Executive directors and board chairs have limited time and competing priorities that are often times at odds with their fundraising and relationship-developing responsibilities. This session helps identify and overcome those challenges so that the orchestra’s leadership gains a better understanding to define the volunteer, artist and staff roles in fundraising, how to prioritize fundraising and make it an efficient part of the daily routine, and create a high-leverage / high-return fundraising program. This is a fun and interactive session designed for CEOs and board chairs, as well as other leadership staff and board volunteers.

  • Bob Swaney, founder & CEO, Robert Swaney Group

Juggling the 5 Big Ps (Purpose, People, Passion, Politics and Perspective) – Tales from the Frontlines
Things don’t always go exactly as planned. The best nonprofit strategies are sometimes high jacked by the people and passions you thought you understood. This discussion will feature arts management professionals who will tell tales from the frontlines of those occasions when the 5 fundamental “Ps” of a nonprofit administration – Purpose, People, Passion, Politics and Perspective – got out of balance. Learn how the best intentions came tumbling down into a rubble pile of wishful thinking and hard knocks, and the hear about the lessons learned as each faced the 5 Ps once again. This reality-check session will be filled with anecdotal tales of those times when even seasoned professionals’ misstep. Designed to bringing out empathy among colleagues, ultimately the session will reaffirm that by keeping an open mind and the mission of your organization in sight, clashes among the 5 Ps only make us stronger leaders.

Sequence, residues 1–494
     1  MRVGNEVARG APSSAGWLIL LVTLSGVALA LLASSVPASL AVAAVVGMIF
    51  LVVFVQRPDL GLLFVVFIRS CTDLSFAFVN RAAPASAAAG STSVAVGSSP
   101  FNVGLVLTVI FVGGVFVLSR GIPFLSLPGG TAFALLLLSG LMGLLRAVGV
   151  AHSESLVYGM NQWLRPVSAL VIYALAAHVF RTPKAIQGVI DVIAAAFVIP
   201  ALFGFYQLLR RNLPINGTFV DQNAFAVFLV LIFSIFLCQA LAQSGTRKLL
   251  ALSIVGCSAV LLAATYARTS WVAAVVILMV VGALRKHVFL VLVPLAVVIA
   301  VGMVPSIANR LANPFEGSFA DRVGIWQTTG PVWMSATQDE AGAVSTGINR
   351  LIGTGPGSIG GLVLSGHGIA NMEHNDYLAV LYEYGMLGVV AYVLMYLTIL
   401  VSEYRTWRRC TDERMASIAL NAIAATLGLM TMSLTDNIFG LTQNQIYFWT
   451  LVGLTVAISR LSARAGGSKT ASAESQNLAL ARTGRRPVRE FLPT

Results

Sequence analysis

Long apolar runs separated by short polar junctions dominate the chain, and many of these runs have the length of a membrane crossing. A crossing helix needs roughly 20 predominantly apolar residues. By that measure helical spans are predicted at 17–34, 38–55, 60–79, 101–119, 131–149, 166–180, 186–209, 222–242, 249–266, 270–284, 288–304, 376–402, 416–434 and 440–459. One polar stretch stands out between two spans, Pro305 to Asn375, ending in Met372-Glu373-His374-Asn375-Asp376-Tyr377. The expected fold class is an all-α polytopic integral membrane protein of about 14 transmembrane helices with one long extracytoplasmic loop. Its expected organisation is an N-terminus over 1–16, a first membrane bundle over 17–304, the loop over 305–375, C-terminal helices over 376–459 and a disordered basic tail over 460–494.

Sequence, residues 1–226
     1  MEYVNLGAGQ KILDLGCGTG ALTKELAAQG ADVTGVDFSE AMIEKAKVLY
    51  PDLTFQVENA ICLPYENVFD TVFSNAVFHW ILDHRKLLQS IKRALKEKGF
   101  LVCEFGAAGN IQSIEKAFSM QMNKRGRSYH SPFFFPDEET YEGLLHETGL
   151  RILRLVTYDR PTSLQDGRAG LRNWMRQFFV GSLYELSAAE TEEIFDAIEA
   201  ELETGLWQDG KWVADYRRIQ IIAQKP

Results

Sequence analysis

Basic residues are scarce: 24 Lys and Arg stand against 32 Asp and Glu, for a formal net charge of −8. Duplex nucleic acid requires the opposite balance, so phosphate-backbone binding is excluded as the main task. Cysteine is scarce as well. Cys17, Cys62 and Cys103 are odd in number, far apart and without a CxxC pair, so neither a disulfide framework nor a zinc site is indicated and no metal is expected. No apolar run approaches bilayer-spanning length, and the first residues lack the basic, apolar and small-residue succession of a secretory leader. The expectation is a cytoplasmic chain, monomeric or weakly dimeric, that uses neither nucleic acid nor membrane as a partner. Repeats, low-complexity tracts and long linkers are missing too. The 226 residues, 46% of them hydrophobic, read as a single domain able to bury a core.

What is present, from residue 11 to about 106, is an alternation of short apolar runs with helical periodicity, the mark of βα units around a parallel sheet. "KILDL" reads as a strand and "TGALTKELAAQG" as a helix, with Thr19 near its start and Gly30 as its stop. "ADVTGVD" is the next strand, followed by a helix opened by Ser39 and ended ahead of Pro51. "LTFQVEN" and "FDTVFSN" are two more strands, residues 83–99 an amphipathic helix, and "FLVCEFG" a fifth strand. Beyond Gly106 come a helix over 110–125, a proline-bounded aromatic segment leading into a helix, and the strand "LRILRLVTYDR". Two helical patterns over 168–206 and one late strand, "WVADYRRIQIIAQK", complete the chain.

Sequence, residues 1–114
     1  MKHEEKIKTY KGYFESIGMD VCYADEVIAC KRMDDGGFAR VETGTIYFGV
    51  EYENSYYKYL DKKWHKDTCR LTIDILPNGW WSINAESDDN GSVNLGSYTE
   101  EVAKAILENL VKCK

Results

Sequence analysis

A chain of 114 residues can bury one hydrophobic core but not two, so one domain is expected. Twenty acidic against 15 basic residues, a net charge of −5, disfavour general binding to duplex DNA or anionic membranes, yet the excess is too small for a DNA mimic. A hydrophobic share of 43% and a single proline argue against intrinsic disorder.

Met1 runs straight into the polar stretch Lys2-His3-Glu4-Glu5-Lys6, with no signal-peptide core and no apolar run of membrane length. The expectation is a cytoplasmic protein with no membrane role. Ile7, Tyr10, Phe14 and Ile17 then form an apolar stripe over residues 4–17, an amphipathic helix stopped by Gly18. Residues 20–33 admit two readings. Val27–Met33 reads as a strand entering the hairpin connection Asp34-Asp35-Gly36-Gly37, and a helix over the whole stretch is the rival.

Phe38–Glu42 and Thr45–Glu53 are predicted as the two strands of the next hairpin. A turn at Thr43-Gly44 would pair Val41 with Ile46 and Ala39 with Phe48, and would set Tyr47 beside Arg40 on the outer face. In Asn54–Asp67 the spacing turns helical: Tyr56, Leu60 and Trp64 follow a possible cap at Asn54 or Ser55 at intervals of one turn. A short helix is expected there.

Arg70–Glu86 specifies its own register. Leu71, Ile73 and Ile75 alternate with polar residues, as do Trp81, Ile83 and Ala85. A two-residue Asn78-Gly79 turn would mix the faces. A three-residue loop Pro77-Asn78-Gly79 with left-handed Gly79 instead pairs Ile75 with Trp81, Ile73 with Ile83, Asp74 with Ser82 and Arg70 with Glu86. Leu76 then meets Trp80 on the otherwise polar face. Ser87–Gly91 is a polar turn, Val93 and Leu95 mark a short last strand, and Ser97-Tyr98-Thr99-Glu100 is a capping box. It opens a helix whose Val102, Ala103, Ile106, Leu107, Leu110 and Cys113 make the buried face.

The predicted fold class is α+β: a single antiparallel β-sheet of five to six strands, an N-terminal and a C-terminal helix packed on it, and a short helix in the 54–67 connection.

• Bettina Swigger, executive director, Festival Mozaic
  • Scott Vandrick, chief development officer, Pasadena Symphony Association
  • Sarah Weber, membership & development manager, Association of California Symphony Orchestras


Meet the California Arts Council (CAC)
This session provides a broader overview of the types of state resources (money and otherwise) that are relevant to the work of orchestras. CAC staff will provide an overview of the 2019 CAC grant programs and discuss case study/project highlights about projects by orchestras that have successfully been funded by the California Arts Council.

  • Jaren Bonillo, arts program specialist, California Arts Council 


Navigating a Music Director Transition